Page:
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Enough with swine flu panic. It's essentially a false alarm. Despite the dire warnings pumped out by medical scientists and the World Health Organization, it's likely that the second wave coming this fall will be as harmless as the first one. "This pandemic is a dud," says Dr. Richard Schabas, the former chief medical officer of health for Ontario. About 60 Canadians have died from the disease - not quite the 10,000 or more that some alarmists had predicted.

If you've really got to worry about catching something, worry about the germs you catch in the hospital. They are far more deadly. Superbugs and similar infections contracted in the hospital kill about 8,000 Canadians a year, far more than all our recent so-called pandemics put together. They are our real public-health challenge.

"The risk of dying from swine flu is extremely small," says Dr. Michael Gardam, a top infectious disease specialist. "But the mortality rate with C. diff is 15 to 20 per cent."

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Clostridium difficile is a superbug that makes you extremely sick. It's a miserable way to die. It lasts for weeks and features prolonged diarrhea. "People say it feels like they've swallowed shards of glass," says Dr. Gardam. One woman caught it after she went into the hospital for routine knee surgery, then came down with pneumonia. She was treated with a type of antibiotic that made her highly vulnerable to C. diff.

An epidemic of it broke out in Quebec a few years ago. About 2,000 people died before it was brought under control. Hundreds more have died in Ontario, which is still seeing 300 new cases every month. C. diff is easily spread from feces to hand to mouth, and is the most common cause of infectious diarrhea in hospitals. The infections result from our massive overuse of certain antibiotics, which can alter the normal intestinal flora and make your gut a happy hunting ground for deadly microbes.

Hospitals are germ factories. If you're already sick, they are a dangerous place to be. These superbugs are especially tenacious. Their spores stick around for months, on hand rails and toilet seats, and once introduced, they quickly spread around a whole building. Ordinary cleaners won't kill them. You need super-duper caustic cleaners to kill them, along with rigorous cleaning protocols. But hospitals are under extraordinary cost pressures, and cleaning staff are often cut back. Too often, infection control is given about as much attention as "a lump of sod on the front lawn," Dr. Gardam gripes. Even hospital design is a problem. Many were built with four-bedded rooms and shared toilets - "nicely designed to spread infection," he says. The answer is single rooms and toilets, which are more expensive at first but vastly cheaper in the long run.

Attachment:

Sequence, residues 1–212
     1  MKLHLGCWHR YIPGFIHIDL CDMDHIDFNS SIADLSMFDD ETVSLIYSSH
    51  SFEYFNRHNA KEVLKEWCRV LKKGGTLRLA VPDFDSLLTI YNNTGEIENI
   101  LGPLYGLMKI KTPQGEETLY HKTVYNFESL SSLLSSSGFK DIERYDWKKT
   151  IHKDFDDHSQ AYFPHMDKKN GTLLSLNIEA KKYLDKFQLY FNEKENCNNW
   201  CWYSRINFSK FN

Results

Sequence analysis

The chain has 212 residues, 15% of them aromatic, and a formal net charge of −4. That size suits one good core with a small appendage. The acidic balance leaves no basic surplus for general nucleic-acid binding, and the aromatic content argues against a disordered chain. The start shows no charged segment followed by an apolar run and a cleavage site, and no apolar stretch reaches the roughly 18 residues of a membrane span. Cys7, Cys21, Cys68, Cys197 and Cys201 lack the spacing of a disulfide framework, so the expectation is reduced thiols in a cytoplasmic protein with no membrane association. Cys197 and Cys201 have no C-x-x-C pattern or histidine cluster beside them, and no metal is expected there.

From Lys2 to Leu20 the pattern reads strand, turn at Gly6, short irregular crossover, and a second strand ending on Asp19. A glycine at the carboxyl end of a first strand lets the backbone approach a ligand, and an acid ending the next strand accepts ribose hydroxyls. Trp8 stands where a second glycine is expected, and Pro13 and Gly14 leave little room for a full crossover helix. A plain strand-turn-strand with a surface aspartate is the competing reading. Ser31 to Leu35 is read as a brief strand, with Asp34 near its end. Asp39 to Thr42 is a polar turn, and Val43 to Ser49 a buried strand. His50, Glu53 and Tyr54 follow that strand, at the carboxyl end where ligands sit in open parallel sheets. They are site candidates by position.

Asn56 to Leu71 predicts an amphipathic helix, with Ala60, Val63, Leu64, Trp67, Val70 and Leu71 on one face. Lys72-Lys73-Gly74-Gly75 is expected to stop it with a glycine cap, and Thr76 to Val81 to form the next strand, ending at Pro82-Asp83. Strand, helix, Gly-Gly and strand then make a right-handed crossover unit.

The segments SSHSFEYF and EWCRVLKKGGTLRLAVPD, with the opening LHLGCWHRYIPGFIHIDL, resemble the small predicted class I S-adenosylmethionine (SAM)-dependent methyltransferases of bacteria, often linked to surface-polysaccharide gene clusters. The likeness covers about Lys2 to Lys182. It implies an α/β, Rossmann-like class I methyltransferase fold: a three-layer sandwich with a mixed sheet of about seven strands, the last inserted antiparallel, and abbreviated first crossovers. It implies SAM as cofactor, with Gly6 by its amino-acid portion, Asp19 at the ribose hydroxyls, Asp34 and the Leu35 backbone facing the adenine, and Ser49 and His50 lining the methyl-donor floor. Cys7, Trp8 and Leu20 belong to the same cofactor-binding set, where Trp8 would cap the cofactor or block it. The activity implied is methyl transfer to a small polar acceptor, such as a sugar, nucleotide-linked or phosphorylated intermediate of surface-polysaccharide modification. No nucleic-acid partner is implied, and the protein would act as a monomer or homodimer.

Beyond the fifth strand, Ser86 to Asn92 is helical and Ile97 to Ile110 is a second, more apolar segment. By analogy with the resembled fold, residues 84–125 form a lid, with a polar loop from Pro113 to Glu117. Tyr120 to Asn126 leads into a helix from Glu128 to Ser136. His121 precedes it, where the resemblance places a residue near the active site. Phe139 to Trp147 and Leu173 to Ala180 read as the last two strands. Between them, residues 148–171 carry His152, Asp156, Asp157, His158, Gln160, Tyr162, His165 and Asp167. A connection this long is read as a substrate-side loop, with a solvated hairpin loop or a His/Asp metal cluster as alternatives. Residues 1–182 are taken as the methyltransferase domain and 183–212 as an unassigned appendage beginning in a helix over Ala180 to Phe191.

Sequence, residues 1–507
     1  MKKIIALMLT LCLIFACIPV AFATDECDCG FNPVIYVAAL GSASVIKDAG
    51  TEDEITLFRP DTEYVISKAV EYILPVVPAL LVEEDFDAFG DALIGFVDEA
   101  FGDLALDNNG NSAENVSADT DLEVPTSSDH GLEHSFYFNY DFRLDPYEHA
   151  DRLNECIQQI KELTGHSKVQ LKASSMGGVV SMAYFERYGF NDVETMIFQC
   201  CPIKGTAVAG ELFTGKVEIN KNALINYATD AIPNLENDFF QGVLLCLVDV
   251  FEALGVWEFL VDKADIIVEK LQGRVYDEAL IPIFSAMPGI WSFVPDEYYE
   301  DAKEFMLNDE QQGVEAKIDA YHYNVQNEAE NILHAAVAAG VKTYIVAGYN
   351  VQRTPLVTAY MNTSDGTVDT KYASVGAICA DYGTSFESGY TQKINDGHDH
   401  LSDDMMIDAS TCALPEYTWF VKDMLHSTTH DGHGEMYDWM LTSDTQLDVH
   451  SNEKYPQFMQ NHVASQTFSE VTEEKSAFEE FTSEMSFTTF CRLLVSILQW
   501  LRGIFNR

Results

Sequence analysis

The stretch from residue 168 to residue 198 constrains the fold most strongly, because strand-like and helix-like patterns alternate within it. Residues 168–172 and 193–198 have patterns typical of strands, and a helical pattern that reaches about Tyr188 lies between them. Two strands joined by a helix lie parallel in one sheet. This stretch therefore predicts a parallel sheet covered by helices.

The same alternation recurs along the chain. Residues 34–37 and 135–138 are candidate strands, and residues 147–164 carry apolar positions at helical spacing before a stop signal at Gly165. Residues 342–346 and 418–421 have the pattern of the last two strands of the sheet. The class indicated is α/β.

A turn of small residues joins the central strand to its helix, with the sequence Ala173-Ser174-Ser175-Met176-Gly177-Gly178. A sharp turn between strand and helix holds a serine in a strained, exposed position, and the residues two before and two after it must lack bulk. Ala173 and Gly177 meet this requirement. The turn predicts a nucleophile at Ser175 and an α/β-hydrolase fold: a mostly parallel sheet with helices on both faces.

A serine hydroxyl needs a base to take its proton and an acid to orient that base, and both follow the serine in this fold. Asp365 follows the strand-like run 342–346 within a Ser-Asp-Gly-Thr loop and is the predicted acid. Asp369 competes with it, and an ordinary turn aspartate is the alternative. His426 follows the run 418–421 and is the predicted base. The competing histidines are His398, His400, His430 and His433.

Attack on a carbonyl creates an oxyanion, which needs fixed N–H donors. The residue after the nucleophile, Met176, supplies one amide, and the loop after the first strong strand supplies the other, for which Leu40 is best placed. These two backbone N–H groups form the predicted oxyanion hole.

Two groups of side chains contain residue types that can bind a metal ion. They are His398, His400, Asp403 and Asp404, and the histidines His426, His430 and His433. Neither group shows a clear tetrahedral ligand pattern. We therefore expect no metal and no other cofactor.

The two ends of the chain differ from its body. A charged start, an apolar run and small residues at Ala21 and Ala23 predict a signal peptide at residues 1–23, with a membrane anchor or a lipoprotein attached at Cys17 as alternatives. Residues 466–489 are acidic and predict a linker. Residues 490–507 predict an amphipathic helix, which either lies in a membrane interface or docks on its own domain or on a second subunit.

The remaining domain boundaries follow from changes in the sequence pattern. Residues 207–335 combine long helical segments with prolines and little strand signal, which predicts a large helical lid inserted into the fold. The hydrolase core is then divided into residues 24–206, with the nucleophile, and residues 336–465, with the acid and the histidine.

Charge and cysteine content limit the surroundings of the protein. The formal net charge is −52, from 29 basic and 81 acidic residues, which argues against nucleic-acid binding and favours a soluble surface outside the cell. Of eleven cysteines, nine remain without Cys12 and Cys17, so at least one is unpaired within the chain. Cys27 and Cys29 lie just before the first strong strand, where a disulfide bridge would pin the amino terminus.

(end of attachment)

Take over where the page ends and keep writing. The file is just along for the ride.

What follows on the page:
To curb the superbugs, doctors will have to make big changes in the way they prescribe antibiotics. But the biggest challenge of all is how to get health-care workers to wash their hands as much as they are supposed to. One recent study found that approximately 40 per cent of them don't.

Simple? Not at all. It's remarkably complicated, Dr. Gardam says, "because it involves human behaviour."

So stop fretting about getting your vaccine for swine flu. What you should really think about is how to protect yourself or your dear old mother the next time one of you is in the hospital. Here are some tips from Dr. Gardam: Get a private room if you can. Be mindful that the system and the people in it are busy and highly stressed. Stuff can get overlooked, so have someone who can ride shotgun for you. If you're like most of us, you are no doubt far too intimidated to ask your doctor whether she's washed her hands before she pokes you. But if you aren't, go ahead and ask. And wash your own hands too. Just assume there are germs all over the place.

As for how you should prepare for the deadly second round of swine flu, Dr. Schabas advises this: Relax, and enjoy your summer.

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